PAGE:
I was nervous about setting off for college because I had no idea what to expect. What should I buy or do to get ready for college during the summer? How long would it take me to make some friends once I got there?

If I was still sitting alone in my room on Saturday nights playing with my Troll collection by, say, October, should I be concerned?

My older friends’ answers were unsatisfactory. They used a lot of phrases like “trying new things” and “finding yourself.” My summer remained angst-ridden.

You, however, have no excuse to worry. Princeton Review’s list of “hits” (classes) and “misses” (New Haven) is a little vague, so what follows is the Official Freshman Rites of Passage Timeline. Study it, memorize it, share it with friends and loved ones — and get excited, not anxious.

First week of July: Make five lists of “college essentials” and order a parent to take you to Bed, Bath & Beyond. Spend $250 purchasing Yaffa blocks and extra-long sheets. Then go to an overpriced music store and buy posters of eclectic musicians that you want your roommates to know you listen to, such as A Flock of Seagulls.

Second week of July: To battle your growing inferiority complex regarding your future classmates — who all come to Yale speaking five languages or having invented something — write a list of “Great Books” you must read before September. This list should include “Wuthering Heights” and “The Wealth of Nations.” Read one of these books for ten minutes and then decide to watch “Party of Five” reruns on Lifetime.

End of July: The Blue Book arrives. Read it cover to cover and spend 20 hours trying to figure out the correlation between your Advanced Placement scores and Yale acceleration credits. Conclude that with your seven AP tests, if you take all advanced biology and math courses and plan to graduate in six years, you can easily take one semester off.

August 20: Finally receive your housing information. Try to remember if your assigned residential college is one of the ugly ones. Then call up your future roommate from Pennsylvania, exchange pleasantries and ask her if she knows your friend Mary from speech and debate camp in 10th grade who also lives in Pennsylvania.

August 31: Arrive at Yale. Begin hauling boxes up to your room while your dad makes seven trips to Information Technology Services trying to get your computer hooked up to “the network.” Sadly watch your dad’s manhood crumble as he snaps the third malfunctioning ethernet card in half and mutters profanities at the computing assistant.

August 31, 11:30 PM: Break down and let your roommates drag you to the Awkward Freshman Dance at Commons. Rock back and forth to Top 40 music, occasionally check yourself out in the windowpane reflection, and try desperately to deny that you are at a bad high school dance on your first day of college.

September 1: Attend the freshman convocation. Listen to Dean Brodhead tell you how amazing you are.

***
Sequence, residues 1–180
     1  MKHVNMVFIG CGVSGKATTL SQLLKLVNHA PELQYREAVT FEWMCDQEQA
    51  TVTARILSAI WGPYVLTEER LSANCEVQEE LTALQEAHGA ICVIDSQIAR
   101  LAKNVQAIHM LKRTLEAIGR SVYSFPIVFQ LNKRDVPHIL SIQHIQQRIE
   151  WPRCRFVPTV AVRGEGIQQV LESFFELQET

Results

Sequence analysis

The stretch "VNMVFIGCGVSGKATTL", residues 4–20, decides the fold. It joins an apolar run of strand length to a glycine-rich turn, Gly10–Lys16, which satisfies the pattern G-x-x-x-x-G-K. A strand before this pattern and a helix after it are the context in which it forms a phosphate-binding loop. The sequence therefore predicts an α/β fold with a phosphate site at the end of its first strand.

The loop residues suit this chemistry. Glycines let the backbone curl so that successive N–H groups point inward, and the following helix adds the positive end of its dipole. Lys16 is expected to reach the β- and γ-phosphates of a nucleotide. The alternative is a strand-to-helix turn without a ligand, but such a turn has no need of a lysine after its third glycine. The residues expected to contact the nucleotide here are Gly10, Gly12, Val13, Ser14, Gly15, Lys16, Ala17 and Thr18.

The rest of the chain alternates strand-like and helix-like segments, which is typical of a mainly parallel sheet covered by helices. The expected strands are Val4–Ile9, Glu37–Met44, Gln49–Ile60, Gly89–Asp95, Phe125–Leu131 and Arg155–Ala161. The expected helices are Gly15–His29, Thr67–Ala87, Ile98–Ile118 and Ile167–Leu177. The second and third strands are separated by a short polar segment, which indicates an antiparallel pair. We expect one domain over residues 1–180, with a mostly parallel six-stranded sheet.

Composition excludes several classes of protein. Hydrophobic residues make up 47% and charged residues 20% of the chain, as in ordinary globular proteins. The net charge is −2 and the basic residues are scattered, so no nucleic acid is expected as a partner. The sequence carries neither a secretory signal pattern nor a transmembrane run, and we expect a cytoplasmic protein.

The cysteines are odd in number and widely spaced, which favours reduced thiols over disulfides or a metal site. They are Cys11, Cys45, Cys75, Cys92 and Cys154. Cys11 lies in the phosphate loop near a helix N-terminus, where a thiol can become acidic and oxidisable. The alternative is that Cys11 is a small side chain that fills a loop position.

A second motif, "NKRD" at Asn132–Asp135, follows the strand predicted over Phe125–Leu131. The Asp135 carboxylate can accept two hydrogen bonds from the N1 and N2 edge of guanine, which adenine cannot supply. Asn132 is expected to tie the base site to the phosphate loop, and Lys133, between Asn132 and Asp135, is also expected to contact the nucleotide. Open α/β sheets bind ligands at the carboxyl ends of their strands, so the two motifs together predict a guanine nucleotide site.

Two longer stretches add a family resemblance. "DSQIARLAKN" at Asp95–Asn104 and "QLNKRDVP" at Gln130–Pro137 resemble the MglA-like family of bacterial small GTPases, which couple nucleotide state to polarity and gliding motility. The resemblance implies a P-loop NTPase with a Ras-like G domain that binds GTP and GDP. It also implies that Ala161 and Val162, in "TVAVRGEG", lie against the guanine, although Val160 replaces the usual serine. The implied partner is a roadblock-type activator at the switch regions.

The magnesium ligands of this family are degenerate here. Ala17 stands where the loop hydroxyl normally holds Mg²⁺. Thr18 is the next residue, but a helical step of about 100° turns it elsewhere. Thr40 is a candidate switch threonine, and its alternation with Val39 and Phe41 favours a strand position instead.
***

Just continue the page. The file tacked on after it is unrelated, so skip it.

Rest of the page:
September 1: Say goodbye to your parents. Realize that you are all alone, and that your roommate has decorated her side of the room with posters of glaciers that say “Success — one inch at a time” and others of kittens hanging from strings that read, “Hang in there — you’re purr-fect.”

September 2: Go to Beinecke Plaza for the Freshman Bazaar. Realize you attend a school with 20 a cappella groups and a Freestyle Dueling Association. Emerge 40 minutes later, tattered and carrying seven pounds of colorful flyers from the Tory Party, the Anti-Gravity Society and Yale Students for Christ. Remember that for every one of the dozens of times you spinelessly gave in and signed your name on a clipboard, you will receive four mass e-mailings each week for the rest of your college career.

September 2, evening: Have “the sex talk” with your freshman counselor group, complete with condom demonstration. Bond with your college-mates through juvenile inside jokes and nicknames.

September 5: Shopping period begins. Try to shop four classes in one time slot, but end up walking from the Hall of Graduate Studies up Science Hill and back, failing to find any of them at the locations listed on the “online course information” Web site. Recall the “locations subject to change” and “Ha! You think these course listings reflect reality?” disclaimers.

September 6: Have 197 “what’s your name/where’re you from/what college are you in?” conversations. Talk a lot about how people from the Midwest pronounce all their vowels like nasal a’s and how New Yorkers say “on line” whether they mean the deli or the Internet. Make friends with a girl in your entryway who can’t get her e-mail to work, either.

September 2001 through the next four years: Stop every once in a while, look around at the trees, the frisbee players and the ancient Gothic architecture, and have trouble believing that this place is real, and that you’re really here.

This is the Cliff’s Notes version of the opening act of your Yale career. But beyond all the nervous small talk and excessively large “Welcome 2005” banners, these are your first weeks as a student at Yale University. They are the reason you spent months taking Kaplan practice SATs and squeezing your philosophy of life into the 500-word personal essay limit. They are the fruits of eighteen years of labor, and they will be delicious.

Just stay away from the “cod bites” in the dining hall.

Molly Worthen ’03 is in Jonathan Edwards College. She is a staff columnist for the Yale Daily News.